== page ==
Hawai‘i was incorporated into the US as the 50th state, when it really should have gone onto the UN decolonisation list. The vote for statehood that took place in the late 1950s never had the option for the people of Hawai‘i to become independent.

A lot of people forget that when Pearl Harbour was bombed in 1941, Hawai‘i wasn’t an American state. It was a colony — a territory. It had been annexed illegally to the United States.

Up until 1893, Hawai‘i was a sovereign monarchy. It had embassies all around the world. It had its own currency, it had its own stamps, and was a fully-functioning modern state. ‘Iolani palace had electricity before the White House and Buckingham Palace. So Hawai‘i was sovereign, it was independent, it was modern. And unfortunately, now, as a result of American colonialism, native Hawaiians have some of the worst health and social indices in the United States.

With your connections to Kiribati, the story of that and the sadness on Tarawa is something I just can’t get out of my head. All of those American soldiers who fell, effectively defending the Pacific. I wonder whether you have angst toward the Japanese. I had a high school teacher whose husband couldn’t bring himself to buy a Japanese vehicle because of what he’d witnessed in the Pacific during the second World War.

My background is in history, and one of the things I try to do as a historian, even though it’s difficult — I try to encourage empathy in my students. And what that means is, try to put yourself in someone else’s shoes.

So, it’s true that during World War II there were great atrocities that the Japanese were responsible for, and certainly on my island of Banaba, when the Japanese landed, they executed a number of our people.

But I also know, as a historian, that where Japan already had some Pacific colonies — what’s now the Federated States of Micronesia — and even in their encounters with people in Papua New Guinea and the Solomon Islands, the Japanese made friends.

For me, it’s complicated. I want to hold Great Britain to account as much as I want to hold Japan to account for what happened to Kiribati.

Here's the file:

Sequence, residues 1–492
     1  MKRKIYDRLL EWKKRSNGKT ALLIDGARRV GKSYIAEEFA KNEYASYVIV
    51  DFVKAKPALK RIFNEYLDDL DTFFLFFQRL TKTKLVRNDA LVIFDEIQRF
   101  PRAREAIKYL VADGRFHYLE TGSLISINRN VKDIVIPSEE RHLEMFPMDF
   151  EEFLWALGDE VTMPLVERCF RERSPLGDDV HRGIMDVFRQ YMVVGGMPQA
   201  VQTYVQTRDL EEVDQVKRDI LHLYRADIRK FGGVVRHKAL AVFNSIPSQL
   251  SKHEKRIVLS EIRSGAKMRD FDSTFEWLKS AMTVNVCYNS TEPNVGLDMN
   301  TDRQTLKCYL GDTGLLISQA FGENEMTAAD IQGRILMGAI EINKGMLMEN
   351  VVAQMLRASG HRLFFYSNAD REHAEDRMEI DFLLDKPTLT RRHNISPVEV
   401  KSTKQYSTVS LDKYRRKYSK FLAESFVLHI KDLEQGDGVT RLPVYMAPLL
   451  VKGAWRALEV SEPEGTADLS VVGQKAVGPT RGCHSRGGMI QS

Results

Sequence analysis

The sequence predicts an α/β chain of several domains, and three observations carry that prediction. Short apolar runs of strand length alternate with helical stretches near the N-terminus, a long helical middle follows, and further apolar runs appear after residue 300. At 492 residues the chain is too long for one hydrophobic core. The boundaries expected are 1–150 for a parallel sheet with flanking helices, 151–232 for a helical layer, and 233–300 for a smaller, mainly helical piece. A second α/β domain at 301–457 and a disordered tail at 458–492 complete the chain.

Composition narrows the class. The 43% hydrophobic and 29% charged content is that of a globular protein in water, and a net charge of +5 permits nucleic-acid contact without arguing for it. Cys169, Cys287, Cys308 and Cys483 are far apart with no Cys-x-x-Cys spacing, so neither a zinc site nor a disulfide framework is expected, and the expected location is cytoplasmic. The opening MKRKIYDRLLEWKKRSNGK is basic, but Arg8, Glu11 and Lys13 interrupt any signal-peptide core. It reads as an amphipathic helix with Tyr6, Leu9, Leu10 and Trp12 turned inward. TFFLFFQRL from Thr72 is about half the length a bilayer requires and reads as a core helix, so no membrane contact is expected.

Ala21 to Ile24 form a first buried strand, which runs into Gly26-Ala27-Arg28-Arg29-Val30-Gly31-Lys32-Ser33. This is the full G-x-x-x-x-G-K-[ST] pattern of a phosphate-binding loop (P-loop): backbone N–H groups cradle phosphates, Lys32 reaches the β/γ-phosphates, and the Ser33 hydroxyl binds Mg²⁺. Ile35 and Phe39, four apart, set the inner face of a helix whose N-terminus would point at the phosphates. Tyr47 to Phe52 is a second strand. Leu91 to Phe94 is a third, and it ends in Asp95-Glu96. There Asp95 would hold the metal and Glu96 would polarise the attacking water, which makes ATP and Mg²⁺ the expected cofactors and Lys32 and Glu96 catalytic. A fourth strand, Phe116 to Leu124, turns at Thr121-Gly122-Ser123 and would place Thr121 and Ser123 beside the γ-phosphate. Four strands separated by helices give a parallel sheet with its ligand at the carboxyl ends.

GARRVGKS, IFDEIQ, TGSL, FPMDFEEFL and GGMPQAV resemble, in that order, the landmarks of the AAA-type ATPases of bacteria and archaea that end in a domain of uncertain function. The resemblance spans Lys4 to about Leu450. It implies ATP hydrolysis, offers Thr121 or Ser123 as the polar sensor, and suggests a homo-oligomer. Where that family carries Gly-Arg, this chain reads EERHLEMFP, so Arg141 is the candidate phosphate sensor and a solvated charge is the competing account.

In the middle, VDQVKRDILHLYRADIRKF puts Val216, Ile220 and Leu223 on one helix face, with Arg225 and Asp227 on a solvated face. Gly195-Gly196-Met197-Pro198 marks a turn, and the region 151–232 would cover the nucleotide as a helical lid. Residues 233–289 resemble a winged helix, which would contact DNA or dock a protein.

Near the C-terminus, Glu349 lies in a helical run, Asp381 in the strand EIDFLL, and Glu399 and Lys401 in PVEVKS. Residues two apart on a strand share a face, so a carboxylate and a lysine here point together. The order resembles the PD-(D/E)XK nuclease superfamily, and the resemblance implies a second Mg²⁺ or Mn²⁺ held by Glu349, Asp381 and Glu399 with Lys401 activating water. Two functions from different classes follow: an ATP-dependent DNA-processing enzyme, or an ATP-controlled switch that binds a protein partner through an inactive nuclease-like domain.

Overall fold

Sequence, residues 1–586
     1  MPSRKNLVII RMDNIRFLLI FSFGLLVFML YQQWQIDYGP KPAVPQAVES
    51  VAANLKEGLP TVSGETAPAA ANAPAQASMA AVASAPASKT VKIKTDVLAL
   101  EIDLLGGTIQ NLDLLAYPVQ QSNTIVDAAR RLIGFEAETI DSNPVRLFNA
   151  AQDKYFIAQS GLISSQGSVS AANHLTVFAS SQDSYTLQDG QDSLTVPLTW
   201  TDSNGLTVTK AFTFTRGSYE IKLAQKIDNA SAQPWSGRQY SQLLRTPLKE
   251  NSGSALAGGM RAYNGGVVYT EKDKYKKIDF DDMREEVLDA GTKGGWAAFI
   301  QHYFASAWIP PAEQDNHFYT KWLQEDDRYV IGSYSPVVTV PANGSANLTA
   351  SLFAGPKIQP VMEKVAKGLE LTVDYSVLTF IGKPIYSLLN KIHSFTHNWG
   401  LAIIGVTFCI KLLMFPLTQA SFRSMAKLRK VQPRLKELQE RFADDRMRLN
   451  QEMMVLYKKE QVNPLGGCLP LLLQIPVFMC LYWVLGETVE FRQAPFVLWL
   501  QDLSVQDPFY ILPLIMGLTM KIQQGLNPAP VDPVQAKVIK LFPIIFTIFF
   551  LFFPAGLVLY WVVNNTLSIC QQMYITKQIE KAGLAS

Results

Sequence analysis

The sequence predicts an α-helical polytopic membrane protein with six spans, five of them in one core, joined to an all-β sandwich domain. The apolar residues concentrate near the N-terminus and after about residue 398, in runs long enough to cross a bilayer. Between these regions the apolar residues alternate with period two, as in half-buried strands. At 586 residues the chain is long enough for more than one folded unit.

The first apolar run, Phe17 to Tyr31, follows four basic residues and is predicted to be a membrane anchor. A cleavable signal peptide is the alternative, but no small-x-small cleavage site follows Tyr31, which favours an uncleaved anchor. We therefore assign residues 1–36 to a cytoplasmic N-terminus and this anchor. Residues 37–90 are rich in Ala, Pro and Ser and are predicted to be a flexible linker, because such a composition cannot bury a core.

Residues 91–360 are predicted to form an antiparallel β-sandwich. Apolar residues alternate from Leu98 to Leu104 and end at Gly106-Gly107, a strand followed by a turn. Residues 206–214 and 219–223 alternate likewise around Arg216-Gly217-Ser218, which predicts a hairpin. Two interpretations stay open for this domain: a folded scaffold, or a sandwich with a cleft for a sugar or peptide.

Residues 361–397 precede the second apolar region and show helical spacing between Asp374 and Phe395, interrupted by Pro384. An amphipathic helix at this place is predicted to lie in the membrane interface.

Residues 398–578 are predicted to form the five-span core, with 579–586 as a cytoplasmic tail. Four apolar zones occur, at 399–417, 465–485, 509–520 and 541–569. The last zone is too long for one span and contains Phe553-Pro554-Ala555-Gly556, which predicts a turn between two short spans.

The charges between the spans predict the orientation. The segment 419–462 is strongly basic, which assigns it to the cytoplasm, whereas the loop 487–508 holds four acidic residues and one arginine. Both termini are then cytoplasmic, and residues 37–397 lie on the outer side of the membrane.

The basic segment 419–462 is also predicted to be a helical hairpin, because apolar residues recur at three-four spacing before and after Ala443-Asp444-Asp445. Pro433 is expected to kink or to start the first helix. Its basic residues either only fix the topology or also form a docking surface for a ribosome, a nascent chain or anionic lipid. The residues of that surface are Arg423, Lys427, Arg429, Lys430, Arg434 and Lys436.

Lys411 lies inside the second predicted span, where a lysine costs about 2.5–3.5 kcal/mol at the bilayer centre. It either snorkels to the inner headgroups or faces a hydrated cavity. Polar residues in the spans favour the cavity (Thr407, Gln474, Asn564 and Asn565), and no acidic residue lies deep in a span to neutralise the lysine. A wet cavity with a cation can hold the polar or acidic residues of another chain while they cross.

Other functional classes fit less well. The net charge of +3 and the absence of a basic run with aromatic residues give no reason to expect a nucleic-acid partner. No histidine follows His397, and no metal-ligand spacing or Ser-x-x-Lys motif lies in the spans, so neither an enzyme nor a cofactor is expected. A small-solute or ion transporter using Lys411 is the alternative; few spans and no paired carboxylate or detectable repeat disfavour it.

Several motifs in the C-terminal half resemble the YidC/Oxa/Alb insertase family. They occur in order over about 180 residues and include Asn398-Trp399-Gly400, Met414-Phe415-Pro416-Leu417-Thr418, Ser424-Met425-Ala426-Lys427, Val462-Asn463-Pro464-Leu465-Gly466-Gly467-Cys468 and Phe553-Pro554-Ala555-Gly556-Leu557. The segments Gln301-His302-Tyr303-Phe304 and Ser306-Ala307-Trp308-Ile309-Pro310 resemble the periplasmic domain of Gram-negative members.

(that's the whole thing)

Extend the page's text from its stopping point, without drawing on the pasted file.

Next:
As someone whose island was mined by the British, almost making the island unliveable, and whose whole community had to be relocated to Fiji, thousands of miles away, I thought when I was growing up that I should hate the British.

And then I had an opportunity to study in England, and when I got there, I realised, well, British society is really complex. There were old white people who were really kind to me. And there were awful young people — skinheads — who were terrifying. And there were so many Indian, Pakistani, and African Brits.

And then I realised: “Wow, you can’t just paint one brush stroke over a nation and say that’s who they are.” The young skinheads — they didn’t mine my island, but the hate and the disregard they showed was similar to that demonstrated by some of the people who mined my island. By the same token, there were good people in England who didn’t know what this company, the British Phosphate Commission, was doing.

You’ve lived in some pretty volatile communities. What was it like growing up in Fiji?

Because of my father’s postings through the Ministry of Agriculture, we got to live in different parts of Fiji, from Nausori to Savusavu, Levuka (the old capital) and Lautoka, before we finally settled in Suva.

For me, this meant going to schools in all these places, and as a result, having wonderful friends and very special memories from across the country. We lived in Savusavu from 1973–1974 and I didn’t go back until 1996, but when I did, people recognised me even though it had been almost 20 years since I had last been there. That’s what I love about having grown up in Fiji. Fijians attach tremendous importance to human relationships, and their memories for faces and names are incredible!

That hasn’t changed after all the political turmoil that the country has been through with four coups since 1987, but I would say there are more and more people falling through the cracks with increasing urbanisation, growing disparities between the very rich and the very poor, and rising rates of violence.

An unintended outcome of the coup culture and political instabilities is that there is a robust civil society — lots of NGOs, quite politically-engaged churches, and growing confidence among young people in terms of political participation and commentary, especially through social media.

If there’s one thing that coups have done for people in and from Fiji, it is that they have made the concept of “democracy” less abstract and distant.

What did you do after university in Hawai‘i?

I went on to do my PhD at the University of California, Santa Cruz. I followed another University of Hawai‘i graduate, and after me a whole string of other Pacific scholars came along in our wake.

Because our PhD programme specialised in critical theory and cultural studies, a lot of the Palagi academics who were used to being unchallenged about their expertise on the Pacific often described us dismissively (and erroneously) as “postmodern”.

But the reality is that a small number of academics at the University of California, Santa Cruz, produced more confident, creative, and activist Pacific PhDs in a 20-year period than any southern hemisphere university had. And some of us came back to the Pacific to kick arse and show our people that we can engage at the highest levels of education and that pursuing intellectual self-determination is not only possible, it’s necessary.

You’re here in New Zealand now. How did that come about?

I was the first academic hired when Pacific Studies was founded at Victoria University in 2000. This was the first university in the world to establish Pacific Studies as a major in the BA degree.